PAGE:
We got our happy ending in September, and, as I said to Stephen on Friday (as we prepared for an evening out! with dinner! and a movie! and a wonderful sitter, in Auntie Cathy, for Anna to enjoy!), it was our fifth anni-versary but our first Anna-versary. Our beautiful, smart, funny girl.

As a gift, we bought ourselves (or, err, Anna) a ridiculous contraption of a play centre with literal bells and whistles. It takes up the entire of the available floor space in the living room. But when Anna tested the floor model at the store, she shrieked with delight, and we were sold. All our proclamations that we would not be materialistic parents distracting our baby with noisy contraptions melted away as she found first the bells and then the whistles and then sounded them all at once.

Today, on my thirty-fifth birthday, with a five-month-old unadjusted to an early change to Daylight Saving Time and brightly and noisily working the bells and whistles, I realized that I had met the other society-imposed deadline for having babies before you're 35.

Tune in another time, not my birthday, to hear me bristle and rail against arbitrary dates designed to put social pressure on women and to make us feel guilty and/or inadequate, too old or too young. Don't get me started on pregnancies being called "high-risk" the instant a mother turns 35. Just don't. It's my birthday, and I'm putting politics aside to read cookbooks and talk on the phone.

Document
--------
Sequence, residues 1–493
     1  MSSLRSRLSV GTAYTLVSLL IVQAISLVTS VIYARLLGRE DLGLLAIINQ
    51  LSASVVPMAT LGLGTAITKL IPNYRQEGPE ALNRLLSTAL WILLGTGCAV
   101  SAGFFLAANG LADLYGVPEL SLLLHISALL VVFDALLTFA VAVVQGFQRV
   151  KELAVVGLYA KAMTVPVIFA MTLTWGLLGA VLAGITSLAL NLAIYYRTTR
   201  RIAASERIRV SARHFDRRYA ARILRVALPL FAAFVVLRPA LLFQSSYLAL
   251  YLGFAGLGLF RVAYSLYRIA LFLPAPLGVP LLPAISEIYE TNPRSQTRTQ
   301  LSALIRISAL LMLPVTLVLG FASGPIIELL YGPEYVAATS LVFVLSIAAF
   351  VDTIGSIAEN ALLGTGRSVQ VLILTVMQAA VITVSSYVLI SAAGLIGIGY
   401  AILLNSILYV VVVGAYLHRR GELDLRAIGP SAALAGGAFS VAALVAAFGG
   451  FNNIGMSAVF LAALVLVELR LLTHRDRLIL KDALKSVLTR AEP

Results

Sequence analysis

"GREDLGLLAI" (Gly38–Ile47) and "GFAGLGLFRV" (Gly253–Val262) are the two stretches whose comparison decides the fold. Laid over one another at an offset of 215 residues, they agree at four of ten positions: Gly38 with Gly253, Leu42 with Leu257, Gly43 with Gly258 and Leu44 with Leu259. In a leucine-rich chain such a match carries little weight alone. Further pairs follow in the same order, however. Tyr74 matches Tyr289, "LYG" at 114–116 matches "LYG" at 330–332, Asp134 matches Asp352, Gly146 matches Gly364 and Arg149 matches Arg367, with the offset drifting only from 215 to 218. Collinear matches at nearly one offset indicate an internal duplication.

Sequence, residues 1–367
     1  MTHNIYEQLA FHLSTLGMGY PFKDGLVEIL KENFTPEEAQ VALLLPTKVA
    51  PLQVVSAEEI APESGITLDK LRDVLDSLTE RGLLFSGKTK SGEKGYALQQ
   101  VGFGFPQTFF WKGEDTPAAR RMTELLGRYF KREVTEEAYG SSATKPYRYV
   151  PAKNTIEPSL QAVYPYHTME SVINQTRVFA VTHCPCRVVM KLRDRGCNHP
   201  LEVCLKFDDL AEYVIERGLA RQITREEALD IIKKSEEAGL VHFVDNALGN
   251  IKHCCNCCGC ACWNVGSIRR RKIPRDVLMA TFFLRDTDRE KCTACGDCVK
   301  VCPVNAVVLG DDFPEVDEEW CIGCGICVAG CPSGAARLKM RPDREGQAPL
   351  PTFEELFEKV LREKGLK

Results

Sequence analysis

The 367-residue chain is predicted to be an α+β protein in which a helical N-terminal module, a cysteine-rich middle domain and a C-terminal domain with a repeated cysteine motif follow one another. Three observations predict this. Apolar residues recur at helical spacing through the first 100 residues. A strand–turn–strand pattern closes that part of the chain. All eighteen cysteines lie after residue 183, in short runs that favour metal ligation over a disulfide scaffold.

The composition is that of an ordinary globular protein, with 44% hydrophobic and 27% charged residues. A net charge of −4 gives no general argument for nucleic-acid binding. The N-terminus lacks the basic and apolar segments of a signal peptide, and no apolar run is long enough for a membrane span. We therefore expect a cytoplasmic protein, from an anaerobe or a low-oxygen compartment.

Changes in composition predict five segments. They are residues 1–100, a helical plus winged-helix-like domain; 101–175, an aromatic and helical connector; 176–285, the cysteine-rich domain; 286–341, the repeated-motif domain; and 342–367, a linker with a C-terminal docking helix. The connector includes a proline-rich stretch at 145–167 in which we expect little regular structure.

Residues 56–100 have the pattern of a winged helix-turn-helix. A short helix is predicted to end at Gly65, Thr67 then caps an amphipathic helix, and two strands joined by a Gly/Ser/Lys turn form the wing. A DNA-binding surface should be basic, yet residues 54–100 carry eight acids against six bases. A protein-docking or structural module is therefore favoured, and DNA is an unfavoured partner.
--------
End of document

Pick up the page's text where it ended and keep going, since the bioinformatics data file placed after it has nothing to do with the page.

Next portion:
Tuesday, March 6, 2007

Playing Catch and Playing Catch-Up

I keep checking this blog to see if there's anything new about Anna Sophia, and I am always disappointed there are no new posts until I remember that I'm the person supposed to be posting. I'm sure I'm not the only blogger who secretly hopes that someone else will have uncovered something shocking and thrilling and will have revealed it to the world (or to the audience of six interested family members) in a breezy and engaging literary style while no one else was looking.

At this stage in her growing up, everything Anna's world changes so fast, it is difficult to document - but at the same time, her growth and her learning are so constant and so incremental that they can slip past, day by day, until you one day realize that, gosh golly gee, she's five months old, and she's begun eating rice cereal and sipping from a sippy cup like an expert, and she's "talking" with new sounds every day, and she's growing like a thing that grows in both her length and her weight, and she can sit up without help (but with close supervision!) for a few more seconds every day.